To Nurses Who Are There When We Aren’t: Thank you and Happy Nurse’s Week!

My dying mother wanted to spend her last moments with her nurses

Multiple Myeloma
Ethnic young adult female hugging her mother who has cancer
(Image: iStock/FatCamera)

 

 

The day we discontinued life support for my mother turned out to be one of the most beautiful days of my life. This is a love letter to the nurses who cared for my mother around the time of her death and all the nurses around the world who are everyday heroes.

My Mom Had Stage 4 Ovarian Cancer

 

She was staying with me while she completed the second round of chemo. I learned after her death how much she would brag about me to the nurses who cared for her. She was proud of me and that I chose nursing as a career. I didn’t spend time with my mother during her chemo sessions and not because I was too busy—she preferred spending time with her nurses at The Cancer Treatment Center of Philadelphia. At first, it stung but after time in reflection, I understand it completely.

Upon first being diagnosed, my mom fought bravely through surgery and overcame a nasty infection that lasted months. She had a wonderful home care nurse who helped her get into fighting shape. She left her home in North Carolina to have chemo in Philadelphia and came to stay with me. She wore the Cancer Fighter T-shirts and sipped her coffee from the branded mugs. She wanted the world to know that the battle was on, but as the months wore on and her cancer spread it was clear that she was on the losing side.

Ever since I was in nursing school learning about the many roles nurses play in the lives of patients, I knew that I wanted to be a comforter for my mother in her last days. As I prepared myself emotionally for her death I imagined sitting with her at chemo, holding hands. She’d tell me stories about her life and family members long gone. It would be like in the movies and we’d do all the wonderful things people do when a loved one is close to death.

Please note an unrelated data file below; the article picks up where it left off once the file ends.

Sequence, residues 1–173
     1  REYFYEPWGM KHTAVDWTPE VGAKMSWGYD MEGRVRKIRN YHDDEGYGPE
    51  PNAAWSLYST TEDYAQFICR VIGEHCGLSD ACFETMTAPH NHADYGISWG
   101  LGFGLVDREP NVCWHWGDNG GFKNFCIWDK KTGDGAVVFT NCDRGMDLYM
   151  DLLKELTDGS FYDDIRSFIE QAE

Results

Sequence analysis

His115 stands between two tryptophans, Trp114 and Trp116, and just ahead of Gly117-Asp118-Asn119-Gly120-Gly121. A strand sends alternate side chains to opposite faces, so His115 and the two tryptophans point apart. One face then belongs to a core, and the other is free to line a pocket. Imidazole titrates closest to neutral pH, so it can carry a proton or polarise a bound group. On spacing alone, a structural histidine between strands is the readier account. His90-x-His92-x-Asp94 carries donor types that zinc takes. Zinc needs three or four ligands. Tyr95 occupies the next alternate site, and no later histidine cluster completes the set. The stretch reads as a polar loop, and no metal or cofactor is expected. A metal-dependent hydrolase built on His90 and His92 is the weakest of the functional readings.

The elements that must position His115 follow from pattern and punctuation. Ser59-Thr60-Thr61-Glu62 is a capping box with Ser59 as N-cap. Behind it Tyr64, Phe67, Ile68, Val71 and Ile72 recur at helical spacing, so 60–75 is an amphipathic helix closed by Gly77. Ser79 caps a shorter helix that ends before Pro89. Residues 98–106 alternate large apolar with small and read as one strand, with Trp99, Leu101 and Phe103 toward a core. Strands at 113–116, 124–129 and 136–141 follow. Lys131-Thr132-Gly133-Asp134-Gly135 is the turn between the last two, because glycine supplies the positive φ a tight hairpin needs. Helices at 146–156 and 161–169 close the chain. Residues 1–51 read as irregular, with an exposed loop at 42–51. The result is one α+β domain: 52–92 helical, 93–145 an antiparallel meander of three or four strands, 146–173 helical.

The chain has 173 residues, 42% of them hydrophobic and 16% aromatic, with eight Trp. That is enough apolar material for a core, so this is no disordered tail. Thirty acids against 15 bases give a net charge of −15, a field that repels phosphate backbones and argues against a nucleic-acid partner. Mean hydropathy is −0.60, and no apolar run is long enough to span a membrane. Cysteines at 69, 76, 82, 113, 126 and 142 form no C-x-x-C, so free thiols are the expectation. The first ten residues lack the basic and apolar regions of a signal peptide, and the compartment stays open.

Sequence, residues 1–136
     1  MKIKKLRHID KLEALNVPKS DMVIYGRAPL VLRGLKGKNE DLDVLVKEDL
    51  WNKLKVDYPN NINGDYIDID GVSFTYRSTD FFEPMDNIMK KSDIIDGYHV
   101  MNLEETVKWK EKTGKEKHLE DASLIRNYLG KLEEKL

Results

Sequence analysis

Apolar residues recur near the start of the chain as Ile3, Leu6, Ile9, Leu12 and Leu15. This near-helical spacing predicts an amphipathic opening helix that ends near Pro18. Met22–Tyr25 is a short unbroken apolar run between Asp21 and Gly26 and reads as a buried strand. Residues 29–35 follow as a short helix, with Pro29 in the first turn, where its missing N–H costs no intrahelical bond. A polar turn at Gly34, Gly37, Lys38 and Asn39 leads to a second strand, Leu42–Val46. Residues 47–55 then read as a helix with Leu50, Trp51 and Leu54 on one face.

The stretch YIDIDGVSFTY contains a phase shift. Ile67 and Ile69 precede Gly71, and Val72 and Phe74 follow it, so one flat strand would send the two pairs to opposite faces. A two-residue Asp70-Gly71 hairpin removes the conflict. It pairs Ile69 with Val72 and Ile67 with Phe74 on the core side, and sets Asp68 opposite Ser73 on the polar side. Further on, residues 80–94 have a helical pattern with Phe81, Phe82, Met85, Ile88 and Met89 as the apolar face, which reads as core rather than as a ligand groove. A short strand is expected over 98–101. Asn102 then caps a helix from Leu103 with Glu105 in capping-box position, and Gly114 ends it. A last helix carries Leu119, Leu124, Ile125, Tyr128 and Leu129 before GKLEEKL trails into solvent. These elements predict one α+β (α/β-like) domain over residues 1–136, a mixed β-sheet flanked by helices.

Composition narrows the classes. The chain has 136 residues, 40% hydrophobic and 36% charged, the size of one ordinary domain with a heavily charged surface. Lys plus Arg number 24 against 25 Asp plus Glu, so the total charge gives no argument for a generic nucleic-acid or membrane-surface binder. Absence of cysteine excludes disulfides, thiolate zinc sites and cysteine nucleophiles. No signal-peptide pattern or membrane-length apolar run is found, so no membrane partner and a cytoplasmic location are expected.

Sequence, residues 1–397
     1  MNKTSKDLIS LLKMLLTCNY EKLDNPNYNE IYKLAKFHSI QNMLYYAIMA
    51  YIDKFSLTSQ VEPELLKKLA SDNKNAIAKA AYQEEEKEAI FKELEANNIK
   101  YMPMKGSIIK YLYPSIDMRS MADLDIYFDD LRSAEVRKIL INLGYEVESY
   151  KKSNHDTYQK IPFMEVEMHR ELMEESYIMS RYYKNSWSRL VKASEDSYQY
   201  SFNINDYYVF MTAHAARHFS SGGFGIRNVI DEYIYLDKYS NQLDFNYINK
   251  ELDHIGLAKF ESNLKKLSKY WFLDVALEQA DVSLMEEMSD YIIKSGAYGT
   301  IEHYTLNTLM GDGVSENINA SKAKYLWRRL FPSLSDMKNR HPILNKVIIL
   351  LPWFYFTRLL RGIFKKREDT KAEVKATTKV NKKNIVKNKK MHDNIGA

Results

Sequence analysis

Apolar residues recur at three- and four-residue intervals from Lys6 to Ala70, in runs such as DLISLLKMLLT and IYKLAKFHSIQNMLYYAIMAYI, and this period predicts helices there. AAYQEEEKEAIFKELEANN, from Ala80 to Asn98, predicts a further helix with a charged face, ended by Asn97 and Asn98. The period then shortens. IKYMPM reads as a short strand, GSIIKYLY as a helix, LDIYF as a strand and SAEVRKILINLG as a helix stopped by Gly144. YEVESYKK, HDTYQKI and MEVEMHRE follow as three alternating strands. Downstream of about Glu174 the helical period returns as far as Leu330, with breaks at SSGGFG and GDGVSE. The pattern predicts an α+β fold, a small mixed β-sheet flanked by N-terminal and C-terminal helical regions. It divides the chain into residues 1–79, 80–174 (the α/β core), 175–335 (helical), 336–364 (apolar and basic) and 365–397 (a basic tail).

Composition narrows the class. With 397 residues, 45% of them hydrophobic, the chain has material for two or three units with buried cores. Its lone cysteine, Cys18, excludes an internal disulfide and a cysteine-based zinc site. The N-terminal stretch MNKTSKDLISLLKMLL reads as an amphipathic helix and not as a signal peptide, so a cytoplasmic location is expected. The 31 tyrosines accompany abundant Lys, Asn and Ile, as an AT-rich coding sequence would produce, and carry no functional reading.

So Much for My End-of-Life Fantasies

 

She told me not to bother coming to chemo, said she enjoyed spending time with the nurses. What? I felt rejected and soon I became a car service transporting her to and from chemo. For the first few weeks, I was tight and resentful. All I could think was, ‘How can she not let me be there for her during this scary time?’ Then one day I noticed something.

Every time I came to pick her up from chemo she’d have a big smile on her face. The nurses and nursing assistants would have her wrapped in a warm blanket, nice and cozy in her treatment chair. Her table would be full of all her favorite snacks. On the ride home, she would share how she felt listened to and well cared for when she spent time with her nurses. My mom was happy and she wasn’t scared. This was the case every time.

A few weeks later, I received a call from an ICU doctor telling me to get to the hospital ASAP and to call my family together. I don’t remember how I kept it together but I do remember a nurse holding me up when I could barely stand. She was a complete stranger who held me close as I soaked her uniform with tears.

I Want to Take a Moment to Say, “Thank You”

 

I appreciate you for caring for my mother, bathing her, touching and comforting her when I couldn’t. I’m grateful to those of you who whispered in her ear and assured her that all is well. As a nurse, I’ve had the honor of being with many people during their final minutes. I’ve always appreciated and respected those sacred moments. I believe the universe paid the favor back to my family by surrounding her with superb nurses and caregivers.

You helped to keep her alive long enough for all my brothers and sisters to be present on her last day. My mother was there for each of us as we took our first breaths and we were there for her as she took her last. It was a beautiful death.

May 6–12th is National Nurses Week. Nurses are your friends, neighbors, your sisters, or brothers. You may recognize them in their scrubs or even business attire but what you won’t see is the invisible capes they wear. Nurses are your everyday superheroes. Next time you see a nurse, acknowledge them for the lives they touch and thank them for their service. Happy Nurses’ Week!


Elisha Lowe is a registered nurse, business strategist, writer, entrepreneur and inspirational speaker with two decades of experience in healthcare. She works with top healthcare organizations to grow novel products and helps healthcare-based entrepreneurs bring their businesses to life. You can follow her on Twitter @ElishaLoweRN or learn more at www.elishalowe.com.